I admit it! I like bright shiny things! (815)

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I admit it! I like bright shiny things! (815)

  1. 1. I admit it! I like bright shiny things!<br />I admit it. I like bright shiny things, especially bright shiny web tools. I love them! I scour blogs, listservs, and library journals for the latest and greatest sites! And I get sucked in fast. I see so much potential and get frustrated by how little time I have to master them. It’s probably for this reason that a couple of lines in Betha Gutsche’s article “Coping with Continual Motion” really struck a cord with me. She was talking about the struggles we face trying to remain focused on competencies and how easy it can be to get off target. <br />“Technologies easily lure people into focusing on the features of a system and all the cool things it can do. If it doesn't enhance the mission and objectives of the institution, then it probably is not worth pursuing. Toward this, all technical competency statements should end with an explicit “to better meet the needs of the user.”” (2010, Gutsche, para. 15)<br />She pinpointed a real problem. So many times we see something “cool” or “shiny” and want to add it to our collection or website but we have to slow down. Will it better meet the needs of the user? How? These are questions we have to ask, before investing too much money or (perhaps more importantly) time. I can think of many instances in which I invested a ton of time in a “cool” “shiny” web app only to find it doesn’t meet our patron’s needs. (Google Wave – anyone, anyone? – Maybe some day, but definitely not now.) <br />So… how do we determine if a new technology will “better meet the needs of the user”? I think answering a few questions can do this. <br /><ul><li>Is there a place for it? (a need it can meet)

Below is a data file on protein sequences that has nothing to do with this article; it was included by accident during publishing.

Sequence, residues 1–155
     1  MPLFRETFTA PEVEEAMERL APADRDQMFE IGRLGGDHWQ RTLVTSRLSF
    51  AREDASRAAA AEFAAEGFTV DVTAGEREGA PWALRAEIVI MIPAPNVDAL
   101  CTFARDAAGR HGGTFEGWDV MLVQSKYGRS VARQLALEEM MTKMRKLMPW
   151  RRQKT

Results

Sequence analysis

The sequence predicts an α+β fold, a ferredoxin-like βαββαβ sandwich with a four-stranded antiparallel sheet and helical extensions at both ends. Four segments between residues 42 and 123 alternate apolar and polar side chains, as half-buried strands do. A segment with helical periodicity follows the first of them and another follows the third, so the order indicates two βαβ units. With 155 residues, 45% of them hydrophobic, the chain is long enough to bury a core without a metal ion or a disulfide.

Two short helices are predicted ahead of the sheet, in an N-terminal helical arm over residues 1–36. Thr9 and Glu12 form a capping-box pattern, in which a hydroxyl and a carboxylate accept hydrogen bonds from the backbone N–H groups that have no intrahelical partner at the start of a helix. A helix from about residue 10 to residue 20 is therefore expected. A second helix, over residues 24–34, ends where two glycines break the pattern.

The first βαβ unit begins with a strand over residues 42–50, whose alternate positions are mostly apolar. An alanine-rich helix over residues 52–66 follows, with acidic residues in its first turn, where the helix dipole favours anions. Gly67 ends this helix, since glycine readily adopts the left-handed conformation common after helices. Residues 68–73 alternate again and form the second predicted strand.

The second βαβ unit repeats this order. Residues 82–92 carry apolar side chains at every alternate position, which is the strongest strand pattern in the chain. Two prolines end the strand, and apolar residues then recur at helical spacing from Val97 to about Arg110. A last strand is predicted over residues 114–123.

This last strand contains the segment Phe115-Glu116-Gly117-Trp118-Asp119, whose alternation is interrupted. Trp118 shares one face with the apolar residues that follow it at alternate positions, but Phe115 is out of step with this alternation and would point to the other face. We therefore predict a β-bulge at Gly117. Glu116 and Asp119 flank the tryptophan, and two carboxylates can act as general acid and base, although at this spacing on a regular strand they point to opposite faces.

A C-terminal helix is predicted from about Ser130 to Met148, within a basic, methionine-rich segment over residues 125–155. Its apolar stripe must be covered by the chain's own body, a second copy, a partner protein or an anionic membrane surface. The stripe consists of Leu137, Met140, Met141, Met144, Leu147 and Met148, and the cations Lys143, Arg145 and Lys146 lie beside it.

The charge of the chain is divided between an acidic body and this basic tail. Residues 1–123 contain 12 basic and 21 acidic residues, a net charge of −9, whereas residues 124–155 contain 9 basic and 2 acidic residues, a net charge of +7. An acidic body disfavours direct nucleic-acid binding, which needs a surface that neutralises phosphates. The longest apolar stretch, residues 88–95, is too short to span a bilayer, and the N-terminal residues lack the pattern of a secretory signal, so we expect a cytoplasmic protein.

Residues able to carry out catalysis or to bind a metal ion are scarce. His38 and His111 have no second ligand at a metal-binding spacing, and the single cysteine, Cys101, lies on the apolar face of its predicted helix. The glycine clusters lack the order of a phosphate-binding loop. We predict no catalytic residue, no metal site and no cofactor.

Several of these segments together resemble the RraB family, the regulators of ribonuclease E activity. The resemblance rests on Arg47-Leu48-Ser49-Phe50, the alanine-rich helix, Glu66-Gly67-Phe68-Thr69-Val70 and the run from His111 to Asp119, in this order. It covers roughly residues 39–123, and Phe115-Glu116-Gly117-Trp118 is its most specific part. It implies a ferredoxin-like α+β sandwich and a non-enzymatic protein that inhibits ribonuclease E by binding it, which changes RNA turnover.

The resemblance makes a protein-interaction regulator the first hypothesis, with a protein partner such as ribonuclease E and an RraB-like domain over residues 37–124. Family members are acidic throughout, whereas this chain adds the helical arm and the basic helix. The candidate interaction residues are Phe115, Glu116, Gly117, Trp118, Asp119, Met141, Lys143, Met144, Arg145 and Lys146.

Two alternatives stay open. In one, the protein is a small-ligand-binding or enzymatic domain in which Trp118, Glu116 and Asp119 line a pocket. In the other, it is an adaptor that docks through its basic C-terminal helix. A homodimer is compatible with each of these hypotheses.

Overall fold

2. 2. Can it work with our current technology set-up?
  3. 3. Is it user-friendly?</li></ul>Admittedly, these questions can’t be answered without first spending some time using the technology. However, remaining focused on these questions while playing… I mean investigating can speed the process along. <br />So back to my problem, there’s actually a name for it B.S.O.S (Bright And Shiny Object Syndrome.) According to David Armano (2007) it affects all of us. <br />“You're kidding yourself if you think it doesn't.  There's so much pressure to stay up to speed, things change so quickly—that we've become obsessed with the new, newer, latest, greatest, shiny, sparkly, dangling thing.  But don't be fooled—It's just as bad to dismiss a trend that we may know very little about just because we're sick and tired of hearing about it.You don't get brighter or shinier than "2.0".  There are so many possibilities—so many opportunities that it's intoxicating.  Hence the addiction to it.  So what do we do?  (para. 5)<br />He’s right, it’s a double-edged sword; we have to fight to control the addiction because you can’t just dismiss a trend (facebook!!!) and you can’t jump in headfirst. <br />I am currently in recovery.<br />References<br />Armano, D. (2007, September 12). A Prescription For Marketers. Logic Emotion. Retrieved October 15, 2010, from http://darmano.typepad.com/logic_emotion/2007/09/a-perscription-.html<br />Gutsche, B. (2010). Coping with continual motion. Library Journal. Retrieved from https://www.whitelib.emporia.edu:443/articles/1667217.5000/1.HTML<br />

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